Different places tend to have different effects on individuals. It is always interesting to visit a place that you have been to before and experience it with someone new. For the past twelve days I have been an Irish tour guide for my friend Willie. I grew up with Willie and we have stayed close friends through my college years. He had always wanted to come and visit
and when I said that I was moving here he jumped on the opportunity of a visit. It has been nice to have someone to travel with. I have for the first time realized just how much I have learned while here about the country, how things work, how to get around, and just where to go for the best food, drink and music. Ireland
We started off in
, both of us flying in from various destinations on the same weekend. The morning of his arrival I was late to the airport and franticly tried to find out what terminal his flight was coming into. After discovering that his flight had been delayed and I was in fact early I headed to find a nice cup of tea to fuel up on caffeine and sugar and waited for his flight to land. I sat down in what I thought was terminal one where he would be arriving and I waited and waited and waited. Even after the flight had said it had landed I just figured that customs must be taking forever and I would still be the good friend who was waiting right outside of the sliding doors past the duty free perfume counters. By this time I was starving, my tea was long gone and my kindle was about to die. Being a bit exhausted from sleeping in a hostel the night before and having my sleep interrupted by numerous loud German girls, I was to out of it to realized that it was probably taking way longer than normal for Willie to arrive through those frosted sliding doors out into the real world. I even had what I was going to say all though out for when I first saw him. All of a sudden I am yanked from my frilly romance novel back into the real world by a tall red head coming up behind me and saying in true American style, “Howdy Stranger!!” I nearly jumped out of my skin and my next though was how the hell did I miss him coming through the magic doors?! His next line after a bone crushing hug was, “You know you are in the wrong terminal.” I counted it by pointing at a sign and saying, “No Willie, this is Terminal One, see the sign up there.” Unfortunately the words died on my lips when I noticed the large arrow pointing to the right… Dublin
We stayed in
for a few days taking the city bus tour which I had never done, hopping of at both the Guinness Store House and the Jameson Whiskey Distillery where Willie became a certified Whiskey taster and I nearly threw up after smelling the stuff. The bus tour was great because I learned that I knew almost as much as the bus drivers about the city, I just didn’t pair my information with all of the corny bad jokes. Dublin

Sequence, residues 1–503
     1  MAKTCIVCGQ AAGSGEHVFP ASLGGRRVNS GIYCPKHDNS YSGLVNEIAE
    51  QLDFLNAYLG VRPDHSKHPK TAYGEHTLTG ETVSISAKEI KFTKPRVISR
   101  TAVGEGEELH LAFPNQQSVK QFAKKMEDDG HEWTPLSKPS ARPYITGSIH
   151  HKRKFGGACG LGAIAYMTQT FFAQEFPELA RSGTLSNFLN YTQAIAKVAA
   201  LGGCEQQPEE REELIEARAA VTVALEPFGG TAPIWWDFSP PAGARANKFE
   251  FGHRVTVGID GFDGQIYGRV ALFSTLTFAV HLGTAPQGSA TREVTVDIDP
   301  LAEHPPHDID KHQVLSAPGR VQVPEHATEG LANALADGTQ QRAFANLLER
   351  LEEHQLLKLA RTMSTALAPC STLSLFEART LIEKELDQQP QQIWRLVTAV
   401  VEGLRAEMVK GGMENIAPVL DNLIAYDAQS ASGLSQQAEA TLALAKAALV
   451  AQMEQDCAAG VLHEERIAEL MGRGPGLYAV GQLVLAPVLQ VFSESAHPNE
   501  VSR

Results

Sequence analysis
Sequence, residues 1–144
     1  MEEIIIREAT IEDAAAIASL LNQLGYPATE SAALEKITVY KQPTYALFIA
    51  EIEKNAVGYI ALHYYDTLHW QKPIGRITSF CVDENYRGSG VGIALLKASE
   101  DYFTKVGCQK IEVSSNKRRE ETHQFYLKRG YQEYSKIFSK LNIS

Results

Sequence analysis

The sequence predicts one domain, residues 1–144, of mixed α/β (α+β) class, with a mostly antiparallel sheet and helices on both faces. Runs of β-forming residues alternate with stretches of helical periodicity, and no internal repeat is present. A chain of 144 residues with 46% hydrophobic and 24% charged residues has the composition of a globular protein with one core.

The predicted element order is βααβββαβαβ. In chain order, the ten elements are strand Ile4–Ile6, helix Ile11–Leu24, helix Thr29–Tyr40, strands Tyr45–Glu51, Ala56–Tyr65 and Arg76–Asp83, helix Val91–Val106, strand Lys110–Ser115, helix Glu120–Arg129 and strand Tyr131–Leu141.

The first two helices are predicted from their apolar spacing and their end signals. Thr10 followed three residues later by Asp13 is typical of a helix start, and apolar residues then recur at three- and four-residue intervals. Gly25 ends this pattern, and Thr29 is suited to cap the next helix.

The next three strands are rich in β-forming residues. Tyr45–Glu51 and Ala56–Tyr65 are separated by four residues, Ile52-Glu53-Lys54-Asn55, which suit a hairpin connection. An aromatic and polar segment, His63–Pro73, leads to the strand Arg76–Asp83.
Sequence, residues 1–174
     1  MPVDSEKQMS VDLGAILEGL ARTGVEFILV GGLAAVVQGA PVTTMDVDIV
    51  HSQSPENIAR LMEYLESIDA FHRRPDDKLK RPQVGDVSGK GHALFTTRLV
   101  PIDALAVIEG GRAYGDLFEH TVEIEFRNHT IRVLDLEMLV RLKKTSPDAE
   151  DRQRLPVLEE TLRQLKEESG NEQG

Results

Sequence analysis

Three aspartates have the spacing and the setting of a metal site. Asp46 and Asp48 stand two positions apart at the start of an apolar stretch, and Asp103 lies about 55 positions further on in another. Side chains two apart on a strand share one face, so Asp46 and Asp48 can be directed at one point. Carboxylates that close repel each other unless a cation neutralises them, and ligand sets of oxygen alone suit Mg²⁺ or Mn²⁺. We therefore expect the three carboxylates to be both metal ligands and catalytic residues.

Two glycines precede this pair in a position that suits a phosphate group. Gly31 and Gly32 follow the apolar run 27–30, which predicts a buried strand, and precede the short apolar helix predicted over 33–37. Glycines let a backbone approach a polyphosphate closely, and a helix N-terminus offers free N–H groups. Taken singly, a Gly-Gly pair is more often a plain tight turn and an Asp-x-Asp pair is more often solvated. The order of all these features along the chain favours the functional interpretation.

After we had had enough of the big city we went down to Kilkenny where I am currently living. We caught the championship game of Hurling which is a sport that is a cross between field hockey and Lacrosse played with a baseball. Hurling is Kilkenny’s pride and joy so the whole town was decked out in yellow and black. Flags covered houses, cars and the whole downtown. Thousands of people turned up the day after the match to party all week in our town after our win!! After a few days of celebration and laundry, Willie and I headed down on a bus to
. We picked up our little SUV and headed out the next morning. Cork
The next few days were full of driving narrow country roads, listening to Galway Girl and Whiskey in a Jar on our handy Irish CD’s picked up after kissing the famous Stone at
Blarney. We then drove into Killarney and decided that we would have enough time to do the Ring of Kerry that day. The Ring of Kerry is one of three scenic loops that are well known in . It is probably the most famous and the most traveled by tourists. It is full of beautiful scenic views of the coast and riddled with cute colorful Irish tourist towns. Ireland
I believe that there are places that you can go where the sheer physical beauty can actually affect you physically. For me my head starts to rush like there is a small twister inside of it and my feet tingle and pins and needles go up my legs. I don’t get this feeling much but when I do I know that wherever I am is not only usually a breathtaking spot but I feel connected to it. I remember feeling this way on the Isle of Skye in
after I climbed through the heather to a crumbling castle on the ocean. Here in Scotland Ireland I have felt this numerous times faintly in places like the Cliffs of Moher, Croagh Patrick, and the Wicklow Mountains but I have never felt it as strongly as I did in the . I stood at the top of a ridge and looked out over a beautiful lake in a lush valley surrounded by mountains. This was the Killarney National Park I had come to find, the lush green, the mountains, the wild flowers, creeks, waterfalls, hills of heather and misty woods. As the beauty of this spot washed over me I knew that this is why the Irish still believe that fairy’s still exist in these hills, why would they leave? Why would anyone or anything? Ireland